Figures from the commerce Department show that between July and September, the US economy has shrunk at an annualized rate of 0.3%.
Though they showed the sharpest contraction of the economy since 2001, the gross domestic product (GDP) figures were better than expected. On the other hand, consumer spending that constitutes two-thirds of the US economy saw 3.1% shrinkage and it was the first contraction since 1991. This 0.3% shrinkage followed 2.8% growth during the last three-month period.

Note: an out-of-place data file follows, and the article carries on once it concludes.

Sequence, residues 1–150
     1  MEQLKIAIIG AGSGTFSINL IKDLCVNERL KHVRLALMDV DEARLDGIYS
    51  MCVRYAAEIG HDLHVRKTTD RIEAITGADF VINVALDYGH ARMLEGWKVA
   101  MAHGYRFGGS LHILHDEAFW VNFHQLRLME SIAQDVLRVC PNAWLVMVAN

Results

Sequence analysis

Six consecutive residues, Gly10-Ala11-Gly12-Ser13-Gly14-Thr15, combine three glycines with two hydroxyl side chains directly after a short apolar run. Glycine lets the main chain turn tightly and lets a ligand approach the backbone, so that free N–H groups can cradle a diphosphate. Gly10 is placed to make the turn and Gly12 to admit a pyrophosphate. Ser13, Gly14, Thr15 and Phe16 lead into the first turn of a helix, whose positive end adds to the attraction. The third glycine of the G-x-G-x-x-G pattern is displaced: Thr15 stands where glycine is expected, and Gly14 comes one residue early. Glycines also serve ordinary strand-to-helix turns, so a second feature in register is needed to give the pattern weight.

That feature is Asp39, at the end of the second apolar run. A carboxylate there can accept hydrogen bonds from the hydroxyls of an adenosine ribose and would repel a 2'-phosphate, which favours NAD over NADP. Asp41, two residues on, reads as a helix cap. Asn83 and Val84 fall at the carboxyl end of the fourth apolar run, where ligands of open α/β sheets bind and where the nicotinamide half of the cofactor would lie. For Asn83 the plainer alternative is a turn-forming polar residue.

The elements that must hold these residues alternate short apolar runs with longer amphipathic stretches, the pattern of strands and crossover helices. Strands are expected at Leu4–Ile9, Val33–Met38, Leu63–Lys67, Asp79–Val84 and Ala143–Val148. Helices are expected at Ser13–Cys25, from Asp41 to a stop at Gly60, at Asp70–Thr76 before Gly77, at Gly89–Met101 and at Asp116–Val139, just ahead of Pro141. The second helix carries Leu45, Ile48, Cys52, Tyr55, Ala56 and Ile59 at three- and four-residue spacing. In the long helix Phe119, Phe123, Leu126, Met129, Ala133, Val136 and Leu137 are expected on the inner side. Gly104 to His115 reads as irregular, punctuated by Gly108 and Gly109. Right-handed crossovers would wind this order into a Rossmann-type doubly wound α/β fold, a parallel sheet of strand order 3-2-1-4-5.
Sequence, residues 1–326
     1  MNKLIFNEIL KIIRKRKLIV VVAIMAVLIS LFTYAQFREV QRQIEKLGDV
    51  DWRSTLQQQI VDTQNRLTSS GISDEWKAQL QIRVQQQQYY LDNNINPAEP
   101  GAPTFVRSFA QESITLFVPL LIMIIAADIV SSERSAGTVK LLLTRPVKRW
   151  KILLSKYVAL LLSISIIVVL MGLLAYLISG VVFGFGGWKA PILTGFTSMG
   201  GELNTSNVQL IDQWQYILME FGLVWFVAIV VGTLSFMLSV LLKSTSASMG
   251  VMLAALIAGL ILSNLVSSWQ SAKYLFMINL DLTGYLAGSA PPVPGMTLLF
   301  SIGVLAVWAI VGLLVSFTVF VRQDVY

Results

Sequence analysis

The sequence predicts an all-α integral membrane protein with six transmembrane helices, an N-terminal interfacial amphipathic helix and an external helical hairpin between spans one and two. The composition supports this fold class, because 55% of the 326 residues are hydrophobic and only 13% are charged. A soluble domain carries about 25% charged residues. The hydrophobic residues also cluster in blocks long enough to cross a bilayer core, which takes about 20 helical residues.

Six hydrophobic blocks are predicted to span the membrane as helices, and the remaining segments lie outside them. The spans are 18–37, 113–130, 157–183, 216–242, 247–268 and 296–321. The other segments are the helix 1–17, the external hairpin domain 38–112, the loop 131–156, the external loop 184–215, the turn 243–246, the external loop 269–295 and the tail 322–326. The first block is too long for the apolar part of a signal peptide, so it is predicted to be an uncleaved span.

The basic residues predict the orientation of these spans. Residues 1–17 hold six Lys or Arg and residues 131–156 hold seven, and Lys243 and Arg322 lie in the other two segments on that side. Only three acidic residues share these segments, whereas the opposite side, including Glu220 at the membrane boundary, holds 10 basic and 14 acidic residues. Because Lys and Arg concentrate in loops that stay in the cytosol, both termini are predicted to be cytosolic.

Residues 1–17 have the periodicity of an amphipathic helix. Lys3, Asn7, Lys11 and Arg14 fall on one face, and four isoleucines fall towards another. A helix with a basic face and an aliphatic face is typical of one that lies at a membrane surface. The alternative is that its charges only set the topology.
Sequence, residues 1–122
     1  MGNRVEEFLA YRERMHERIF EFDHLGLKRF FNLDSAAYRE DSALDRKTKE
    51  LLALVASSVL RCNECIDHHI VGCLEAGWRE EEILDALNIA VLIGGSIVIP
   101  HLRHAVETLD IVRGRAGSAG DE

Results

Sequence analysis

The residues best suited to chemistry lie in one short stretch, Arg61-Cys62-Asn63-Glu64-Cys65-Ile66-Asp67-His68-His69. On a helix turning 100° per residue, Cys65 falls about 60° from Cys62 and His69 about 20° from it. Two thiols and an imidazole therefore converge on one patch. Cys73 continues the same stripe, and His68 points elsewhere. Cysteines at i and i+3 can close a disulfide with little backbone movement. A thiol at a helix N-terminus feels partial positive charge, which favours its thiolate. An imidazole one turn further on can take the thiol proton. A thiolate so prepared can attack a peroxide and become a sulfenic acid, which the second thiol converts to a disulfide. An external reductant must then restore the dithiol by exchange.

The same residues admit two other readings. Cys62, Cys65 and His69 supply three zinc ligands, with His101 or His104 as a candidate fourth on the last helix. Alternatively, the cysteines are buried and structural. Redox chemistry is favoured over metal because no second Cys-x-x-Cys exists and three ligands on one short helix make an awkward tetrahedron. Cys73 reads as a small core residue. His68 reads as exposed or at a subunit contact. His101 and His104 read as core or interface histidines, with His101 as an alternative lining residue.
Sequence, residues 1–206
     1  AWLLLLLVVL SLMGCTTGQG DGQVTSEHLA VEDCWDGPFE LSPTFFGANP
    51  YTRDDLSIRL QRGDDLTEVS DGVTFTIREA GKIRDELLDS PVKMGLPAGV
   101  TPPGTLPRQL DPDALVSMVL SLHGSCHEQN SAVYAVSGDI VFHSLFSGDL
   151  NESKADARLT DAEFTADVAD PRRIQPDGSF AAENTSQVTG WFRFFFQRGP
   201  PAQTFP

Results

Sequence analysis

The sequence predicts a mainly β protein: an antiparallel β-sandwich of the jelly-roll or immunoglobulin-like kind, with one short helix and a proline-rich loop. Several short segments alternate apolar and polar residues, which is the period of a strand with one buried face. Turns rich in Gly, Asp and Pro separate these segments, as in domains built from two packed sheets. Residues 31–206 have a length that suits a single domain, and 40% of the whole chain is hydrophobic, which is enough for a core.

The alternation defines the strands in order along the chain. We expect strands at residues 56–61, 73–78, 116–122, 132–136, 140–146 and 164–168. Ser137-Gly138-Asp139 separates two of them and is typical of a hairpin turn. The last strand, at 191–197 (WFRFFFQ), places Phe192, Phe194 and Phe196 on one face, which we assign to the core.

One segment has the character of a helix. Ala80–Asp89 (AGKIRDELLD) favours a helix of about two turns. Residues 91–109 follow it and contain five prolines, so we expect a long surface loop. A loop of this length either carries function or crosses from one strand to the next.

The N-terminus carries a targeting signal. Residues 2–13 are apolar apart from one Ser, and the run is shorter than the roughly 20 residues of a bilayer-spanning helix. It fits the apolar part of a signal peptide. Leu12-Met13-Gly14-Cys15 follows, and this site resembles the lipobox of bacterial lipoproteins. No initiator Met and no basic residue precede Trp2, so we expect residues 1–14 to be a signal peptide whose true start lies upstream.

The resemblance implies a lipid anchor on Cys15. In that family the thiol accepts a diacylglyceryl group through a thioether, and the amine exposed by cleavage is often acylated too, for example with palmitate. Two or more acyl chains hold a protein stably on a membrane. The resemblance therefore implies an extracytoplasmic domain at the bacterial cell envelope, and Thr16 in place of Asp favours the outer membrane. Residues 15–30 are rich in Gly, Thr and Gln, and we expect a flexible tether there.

The figures related to shrinkage suggest that the US economy is halfway to the standard definition of a recession that shows two successive quarters of negative growth.
However, in the US the official definition is different and according to this definition the US economy is not officially in recession if the National Bureau of Economic Research doesn’t decide it.
But the Federal Reserve has shown concerns about recession and reduces its key interest rate from 1.5% to 1%. Bill Walsh, who is president of Hennnion and Walsh in New Jersey, said: “Consumer spending constitutes about 70% of GDP and it has been observed the lowest in two decades.”
The GDP figures along with Labor Department figures showed the number of new claims for jobless benefits last week.